Getting off Auto - Updating Photoshop Elements Camera Raw

Photoshop Elements is a simpler version of their full Photoshop product - and is still available as a one off purchase (unlike full PS which is a subscription service).  One of the downsides of Elements is Adobe's limited support arrangements - they seem to bring out an updated version every year or so & only support that and one previous.  This doesn't matter at all if you always shoot JPEG images (any version of PSE will open those - and newer versions don't seem to add much in the way of new features).  However, if you shoot RAW, there's a catch - once out of support, the "Check For Updates" feature stops working and you cannot upgrade your software to the latest version of Camera RAW.  Since new camera bodies frequently tweak the file contents, you may find you simply cannot open the RAW files of a new camera - until Adobe eventually get around to updating Elements (if you're lucky) or you buy the newest version.  I ran into this problem recently with the new Canon R5, when I realised my Elements 2019 was already out of support.  As there wasn't even a brand new Elements available, it was my assumption that even if I bought the current latest, it wouldn't work with the new R5 files.

However, Adobe HAD updated the Camera Raw plugin for full Photoshop, so I had a poke & a play, with little success - there seemed to be no way to use this plugin (even though it was standard between Elements & Full PS).  Eventually, however, I found an old post on - believe it or not - the official Adobe Support website, that explained a way to manually install Camera Raw and get it to work.  It was a well hidden, but it was on the Adobe official website, so can't be regarded as a hack - rather a workaround they've obviously forgotten to delete!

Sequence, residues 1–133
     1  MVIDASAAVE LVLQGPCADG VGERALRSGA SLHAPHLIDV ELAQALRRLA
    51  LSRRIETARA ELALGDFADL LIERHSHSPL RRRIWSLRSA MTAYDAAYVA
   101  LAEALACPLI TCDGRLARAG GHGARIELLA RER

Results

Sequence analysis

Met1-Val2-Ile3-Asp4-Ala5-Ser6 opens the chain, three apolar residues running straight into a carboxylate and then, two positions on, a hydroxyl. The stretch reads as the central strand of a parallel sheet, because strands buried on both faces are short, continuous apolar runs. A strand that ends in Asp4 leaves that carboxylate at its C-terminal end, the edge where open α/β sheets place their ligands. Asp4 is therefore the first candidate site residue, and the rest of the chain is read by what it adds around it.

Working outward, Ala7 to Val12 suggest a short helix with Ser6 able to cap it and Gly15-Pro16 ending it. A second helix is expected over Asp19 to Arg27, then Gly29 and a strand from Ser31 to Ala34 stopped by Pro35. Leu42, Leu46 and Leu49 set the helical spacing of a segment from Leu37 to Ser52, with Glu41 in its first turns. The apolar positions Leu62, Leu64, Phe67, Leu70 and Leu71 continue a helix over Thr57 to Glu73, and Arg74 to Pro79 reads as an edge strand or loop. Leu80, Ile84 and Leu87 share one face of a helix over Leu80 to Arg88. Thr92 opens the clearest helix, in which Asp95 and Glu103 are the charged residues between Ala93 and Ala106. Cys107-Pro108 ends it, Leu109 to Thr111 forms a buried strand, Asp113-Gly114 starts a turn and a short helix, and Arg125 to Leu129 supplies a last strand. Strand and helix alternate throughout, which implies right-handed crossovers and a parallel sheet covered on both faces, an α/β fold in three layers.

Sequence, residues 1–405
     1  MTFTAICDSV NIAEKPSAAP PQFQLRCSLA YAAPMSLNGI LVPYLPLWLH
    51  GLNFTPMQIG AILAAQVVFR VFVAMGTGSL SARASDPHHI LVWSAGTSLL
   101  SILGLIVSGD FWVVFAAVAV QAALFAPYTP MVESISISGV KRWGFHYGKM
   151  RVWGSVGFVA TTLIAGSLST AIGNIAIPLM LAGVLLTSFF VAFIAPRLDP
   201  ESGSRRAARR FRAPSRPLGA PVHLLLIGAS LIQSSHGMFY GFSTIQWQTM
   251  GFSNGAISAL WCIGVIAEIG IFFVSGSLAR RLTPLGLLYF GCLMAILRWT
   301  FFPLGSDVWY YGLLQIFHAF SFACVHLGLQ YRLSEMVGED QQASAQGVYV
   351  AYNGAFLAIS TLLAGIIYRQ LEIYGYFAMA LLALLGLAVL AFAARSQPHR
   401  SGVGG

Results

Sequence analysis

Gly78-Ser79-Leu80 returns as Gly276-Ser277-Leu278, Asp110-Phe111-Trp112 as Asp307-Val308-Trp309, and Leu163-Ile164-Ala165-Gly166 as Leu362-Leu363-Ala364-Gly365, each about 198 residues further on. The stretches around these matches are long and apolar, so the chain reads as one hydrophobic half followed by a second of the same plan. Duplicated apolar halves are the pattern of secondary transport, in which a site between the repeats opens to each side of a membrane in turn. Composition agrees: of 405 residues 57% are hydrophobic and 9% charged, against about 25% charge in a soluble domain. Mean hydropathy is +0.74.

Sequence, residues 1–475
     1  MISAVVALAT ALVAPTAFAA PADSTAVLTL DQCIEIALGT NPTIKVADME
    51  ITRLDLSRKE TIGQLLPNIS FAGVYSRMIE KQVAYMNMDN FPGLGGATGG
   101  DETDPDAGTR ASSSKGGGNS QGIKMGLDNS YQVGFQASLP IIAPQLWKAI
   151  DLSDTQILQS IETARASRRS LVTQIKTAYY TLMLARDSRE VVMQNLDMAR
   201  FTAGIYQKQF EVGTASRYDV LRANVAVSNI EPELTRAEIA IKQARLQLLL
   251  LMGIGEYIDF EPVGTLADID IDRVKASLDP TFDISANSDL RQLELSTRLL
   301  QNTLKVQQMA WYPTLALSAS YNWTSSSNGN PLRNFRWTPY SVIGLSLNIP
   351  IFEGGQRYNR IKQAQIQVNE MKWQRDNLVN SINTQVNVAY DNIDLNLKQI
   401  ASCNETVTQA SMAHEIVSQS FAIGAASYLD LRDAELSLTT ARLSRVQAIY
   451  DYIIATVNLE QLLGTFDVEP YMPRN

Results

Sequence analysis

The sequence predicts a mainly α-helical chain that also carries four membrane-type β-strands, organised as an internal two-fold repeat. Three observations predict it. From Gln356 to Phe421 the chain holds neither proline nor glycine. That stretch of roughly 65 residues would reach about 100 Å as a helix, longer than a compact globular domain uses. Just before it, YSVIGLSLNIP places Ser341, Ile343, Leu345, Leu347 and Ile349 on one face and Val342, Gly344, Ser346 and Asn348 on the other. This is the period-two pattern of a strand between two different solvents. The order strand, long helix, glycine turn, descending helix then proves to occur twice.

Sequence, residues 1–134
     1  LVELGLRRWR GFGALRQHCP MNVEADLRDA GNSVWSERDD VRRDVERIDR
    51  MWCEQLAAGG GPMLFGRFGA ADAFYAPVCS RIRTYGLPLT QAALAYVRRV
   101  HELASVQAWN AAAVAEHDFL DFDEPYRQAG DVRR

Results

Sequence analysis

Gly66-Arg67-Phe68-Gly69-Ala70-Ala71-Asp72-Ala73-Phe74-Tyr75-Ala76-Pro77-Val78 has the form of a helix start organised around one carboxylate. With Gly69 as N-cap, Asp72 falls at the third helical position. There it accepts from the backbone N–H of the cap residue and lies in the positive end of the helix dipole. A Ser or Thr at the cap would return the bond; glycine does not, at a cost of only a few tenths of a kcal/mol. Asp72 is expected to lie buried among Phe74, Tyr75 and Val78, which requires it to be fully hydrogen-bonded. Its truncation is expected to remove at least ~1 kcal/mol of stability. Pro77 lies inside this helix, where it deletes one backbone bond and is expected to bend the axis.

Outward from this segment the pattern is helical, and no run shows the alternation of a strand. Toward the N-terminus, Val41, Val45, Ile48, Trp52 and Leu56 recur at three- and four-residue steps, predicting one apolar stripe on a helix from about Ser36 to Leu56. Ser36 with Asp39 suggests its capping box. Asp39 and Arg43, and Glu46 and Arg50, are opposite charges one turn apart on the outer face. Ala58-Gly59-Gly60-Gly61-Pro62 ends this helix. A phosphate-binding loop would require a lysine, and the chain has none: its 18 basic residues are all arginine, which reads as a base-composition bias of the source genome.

So, here it is, should you ever need to update your version of Elements to get it working with newer RAW files

If you haven't been able to update the Camera Raw plug-in for Elements, follow these steps:

  1. Download and install the latest Camera Raw version from Camera Raw plug-in installer.
  2. Quit all Adobe applications.
    • On macOS, double-click the .dmg file to mount it.
    • On Windows double-click the downloaded .zip file to unzip it. (Windows might unzip the file for you.)
    • On macOS, double-click the .pkg file to start the installer. 
    • On Windows, double-click the resulting .exe file to start the installer.
  3. Follow the on-screen instructions.
  4. Once installed successfully, close the installer window.
  5. Navigate to the following folder:
    • On macOS: /Library/Application Support/Adobe/Plug-ins/CC/File Formats
    • On Windows: C:\Program Files\Common Files\Adobe\Plug-Ins\CC\File Formats
  6. Copy the Camera Raw plug-in from the CC > File Formats folder that is mentioned in the above step.
  7. Navigate to the following folder: 
    • On macOS: /Library/Application Support/Adobe/Plug-ins/Elements<Version Number>/File Formats
    • On Windows: C:\Program Files\Common Files\Adobe\Plug-Ins\Elements<Version Number>\File Formats
  8. Replace the existing Camera Raw plugin in Elements<Version Number>folder with the plug-in that you copied in step 8.

Hopefully this will help everyone :-)


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  • Thanks WJ that was very helpful and I've updated my version of Photoshop Elements 14.
    I suppose you don't know whether it's possible to update Camera Raw in Lightroom. I've searched the Web in vain

    I've got a standalone version Lightroom 5.1 but I've been reluctant to sign up to Adobe's monthly fee to get the latest version of Lightroom and Photoshop. I don't need the full Photoshop CC.
    If I have a file format that Lightroom can't read I convert it to a DNG file using Adobe DNG Converter which is a bit of a nuisance.



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  • In reply to TeeJay:

    I don't know for certain, but I wouldn't be surprised to find that it is possible and that the process is very similar. If you kindof follow the steps but use "Lightroom" in place of "Elements" in the folder names, it might be as simple as that!


    Find me on Flickr / All about your camera - The Getting off Auto Index